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What happens when picky eating becomes full-blown phobia?

Montrealer T. J. Haselden is afraid of cheeseburgers.

The 28-year-old computer salesman is so disgusted by the idea of marrying gooey cheese with tangy condiments, meat and bread that he can't sink his teeth into one without retching.

He gets nauseous at the thought of biting into a juicy tomato, and has yet to work up the nerve to find out how a potato chip tastes.

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"If I think I'm going to gag off of it, I'm not going to stick it anywhere near my mouth," Mr. Haselden said. "It has mainly to do with textures and smells."

For as long as he can remember, he has been able to tolerate only a few foods, including dry chicken or well-done steak and plain, sauce-free vegetables. None of the components can touch each other on the plate.

On evenings when his wife makes herself pasta, Mr. Haselden eats his own chicken dinner at the far end of the table to distance himself from the aroma of her dish.

Mr. Haselden is among a multitude of adult picky eaters who have failed to outgrow their childhood distaste for certain foods. Since their fussiness is often met with ridicule and disbelief, many dread social functions that revolve around food for fear of having to explain or make excuses for what they won't eat.

"Weddings are the worst," Mr. Haselden said, noting that at a recent wedding he was the only adult eating a children's meal of chicken fingers and fries, while everyone else dined on fish. "That was embarrassing."

Through online forums, blogs and social networking groups, however, thousands of adult picky eaters are finding support, and mobilizing to seek tolerance and understanding for their dietary quirks.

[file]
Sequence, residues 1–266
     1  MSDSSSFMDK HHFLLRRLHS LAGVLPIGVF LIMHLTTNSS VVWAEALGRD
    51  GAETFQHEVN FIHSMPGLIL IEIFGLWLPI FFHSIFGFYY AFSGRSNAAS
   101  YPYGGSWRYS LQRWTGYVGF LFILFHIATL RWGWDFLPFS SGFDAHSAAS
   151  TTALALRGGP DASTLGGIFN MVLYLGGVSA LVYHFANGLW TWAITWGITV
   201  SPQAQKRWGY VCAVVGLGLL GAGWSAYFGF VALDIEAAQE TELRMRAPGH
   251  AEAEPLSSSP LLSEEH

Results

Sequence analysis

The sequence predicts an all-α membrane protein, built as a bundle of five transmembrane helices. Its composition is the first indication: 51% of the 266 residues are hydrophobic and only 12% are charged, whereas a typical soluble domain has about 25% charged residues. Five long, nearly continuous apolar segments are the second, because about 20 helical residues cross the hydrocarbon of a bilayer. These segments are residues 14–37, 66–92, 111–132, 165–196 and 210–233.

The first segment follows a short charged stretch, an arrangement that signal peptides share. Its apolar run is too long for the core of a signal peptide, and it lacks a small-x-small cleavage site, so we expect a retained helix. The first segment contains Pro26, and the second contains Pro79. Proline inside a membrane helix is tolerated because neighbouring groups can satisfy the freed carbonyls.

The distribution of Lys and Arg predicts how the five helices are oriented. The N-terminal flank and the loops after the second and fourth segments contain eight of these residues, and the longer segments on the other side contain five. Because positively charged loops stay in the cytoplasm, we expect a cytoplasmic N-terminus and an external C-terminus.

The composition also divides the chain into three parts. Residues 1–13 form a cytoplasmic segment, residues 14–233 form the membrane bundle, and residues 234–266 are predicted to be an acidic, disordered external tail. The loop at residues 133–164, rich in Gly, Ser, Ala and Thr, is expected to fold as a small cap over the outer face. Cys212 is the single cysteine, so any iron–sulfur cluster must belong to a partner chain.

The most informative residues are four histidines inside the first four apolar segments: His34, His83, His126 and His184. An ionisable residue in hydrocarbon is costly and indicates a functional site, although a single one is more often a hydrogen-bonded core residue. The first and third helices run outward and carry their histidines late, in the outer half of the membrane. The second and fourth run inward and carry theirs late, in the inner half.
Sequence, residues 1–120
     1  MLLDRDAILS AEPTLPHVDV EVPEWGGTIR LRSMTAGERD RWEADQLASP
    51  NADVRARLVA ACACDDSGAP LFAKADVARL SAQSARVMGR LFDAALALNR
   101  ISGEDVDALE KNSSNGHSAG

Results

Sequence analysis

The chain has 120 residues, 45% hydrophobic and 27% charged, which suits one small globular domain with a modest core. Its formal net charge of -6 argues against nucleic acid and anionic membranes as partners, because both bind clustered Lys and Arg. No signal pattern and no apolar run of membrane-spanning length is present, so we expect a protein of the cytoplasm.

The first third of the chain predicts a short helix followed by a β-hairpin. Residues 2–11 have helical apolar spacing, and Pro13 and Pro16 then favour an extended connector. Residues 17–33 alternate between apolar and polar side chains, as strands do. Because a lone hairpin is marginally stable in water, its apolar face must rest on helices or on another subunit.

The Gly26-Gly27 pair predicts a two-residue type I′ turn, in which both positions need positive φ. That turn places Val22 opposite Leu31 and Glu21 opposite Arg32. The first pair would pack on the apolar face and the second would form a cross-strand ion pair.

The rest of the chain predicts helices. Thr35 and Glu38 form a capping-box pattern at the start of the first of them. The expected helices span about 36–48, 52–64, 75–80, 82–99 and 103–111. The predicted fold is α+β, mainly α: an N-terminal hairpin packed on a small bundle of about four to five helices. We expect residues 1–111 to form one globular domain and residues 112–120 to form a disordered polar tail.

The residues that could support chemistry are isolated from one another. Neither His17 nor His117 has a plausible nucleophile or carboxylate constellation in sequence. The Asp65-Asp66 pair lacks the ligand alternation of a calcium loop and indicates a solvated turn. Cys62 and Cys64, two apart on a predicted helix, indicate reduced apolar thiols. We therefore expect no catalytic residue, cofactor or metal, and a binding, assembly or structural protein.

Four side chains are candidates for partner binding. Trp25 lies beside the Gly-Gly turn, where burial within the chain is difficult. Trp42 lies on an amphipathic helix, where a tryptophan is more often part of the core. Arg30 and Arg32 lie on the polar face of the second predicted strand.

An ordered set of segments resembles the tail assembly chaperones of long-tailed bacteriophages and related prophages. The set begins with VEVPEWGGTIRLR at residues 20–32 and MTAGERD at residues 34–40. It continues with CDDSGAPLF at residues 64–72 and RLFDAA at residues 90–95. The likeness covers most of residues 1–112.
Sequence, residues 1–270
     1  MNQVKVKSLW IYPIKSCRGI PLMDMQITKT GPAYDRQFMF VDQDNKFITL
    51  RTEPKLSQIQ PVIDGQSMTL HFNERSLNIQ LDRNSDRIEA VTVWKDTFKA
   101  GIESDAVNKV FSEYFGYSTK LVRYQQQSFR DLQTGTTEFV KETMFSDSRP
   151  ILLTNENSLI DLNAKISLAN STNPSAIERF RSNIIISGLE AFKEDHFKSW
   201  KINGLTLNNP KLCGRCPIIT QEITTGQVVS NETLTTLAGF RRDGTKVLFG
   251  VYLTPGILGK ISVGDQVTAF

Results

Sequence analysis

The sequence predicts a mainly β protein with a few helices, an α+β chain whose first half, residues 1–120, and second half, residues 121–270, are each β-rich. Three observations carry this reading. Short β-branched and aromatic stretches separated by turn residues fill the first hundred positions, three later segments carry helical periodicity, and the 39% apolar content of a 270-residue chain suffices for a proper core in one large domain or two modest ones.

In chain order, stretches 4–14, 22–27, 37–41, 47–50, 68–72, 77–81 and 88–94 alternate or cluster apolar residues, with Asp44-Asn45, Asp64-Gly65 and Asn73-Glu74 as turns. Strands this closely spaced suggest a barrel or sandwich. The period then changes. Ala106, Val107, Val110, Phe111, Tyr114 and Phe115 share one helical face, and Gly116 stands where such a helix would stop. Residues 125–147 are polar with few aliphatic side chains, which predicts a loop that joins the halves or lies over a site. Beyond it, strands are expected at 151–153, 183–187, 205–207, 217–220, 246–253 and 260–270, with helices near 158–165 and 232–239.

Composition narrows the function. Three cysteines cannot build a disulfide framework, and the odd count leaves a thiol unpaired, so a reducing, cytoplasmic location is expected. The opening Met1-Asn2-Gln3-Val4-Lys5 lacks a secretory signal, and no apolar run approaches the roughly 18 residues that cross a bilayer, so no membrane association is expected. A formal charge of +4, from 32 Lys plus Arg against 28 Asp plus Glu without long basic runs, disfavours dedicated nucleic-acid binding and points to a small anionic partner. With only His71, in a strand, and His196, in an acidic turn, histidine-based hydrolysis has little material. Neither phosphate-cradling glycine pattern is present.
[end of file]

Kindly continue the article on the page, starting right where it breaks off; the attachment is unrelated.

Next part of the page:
Bob Krause, founder of the U.S.-based website, said about 200 people have joined a picky eaters' online forum he started earlier this year, , and at least 1,000 are part of his separate picky eaters' Yahoo group.

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Mr. Krause, 61, of Virginia Beach, Va., said he hopes that a Food Network television show currently in development might also help shed light on the phenomenon. He and other adult picky eaters participated in a taping session this summer.

"[Picky eating]s such an isolated thing when you live with it by yourself in silence," he said. "You're constantly under stress and worry."

The main fear for picky eaters is that other people won't understand their food phobias, he said.

"How do you explain to somebody that the item in front of you doesn't look like food to you? If you ate it, you'd probably throw up all over the place ...and in some cases, looking at it, there's not much difference between it and feces."

Mr. Krause said he can't bring himself to eat most vegetables, sauces or almost any type of meat, with the exception of thinly sliced, crispy bacon.

He enjoys plain, bland, mostly crunchy food such as popcorn, almonds, French fries and toast. He said he has eaten the same lunch for the past 10 years: peanut butter on crackers and a glass of milk, and takes vitamin pills to supplement his limited diet.

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"I never get tired of it. It's really bizarre," he said.

Mr. Krause said his preference for plain foods and fear of tasting new things is common among other picky eaters he has encountered, and they seem to have a universal dislike for pickles.

Some theorize that picky eating is a disorder related to obsessive-compulsive disorder or autism, others that it's a symptom of "supertasters," people who have a heightened sense of taste, Mr. Krause said.

He added that some believe picky eating may be genetic, but noted that most professionals don't recognize it as an eating disorder, and there is no medical diagnosis.

Mr. Krause said he believes his own hang-ups with food may have resulted from his early childhood bout of whooping cough, which caused him to throw up many of the foods he ate. Being force-fed by his parents only worsened his intolerance for certain foods.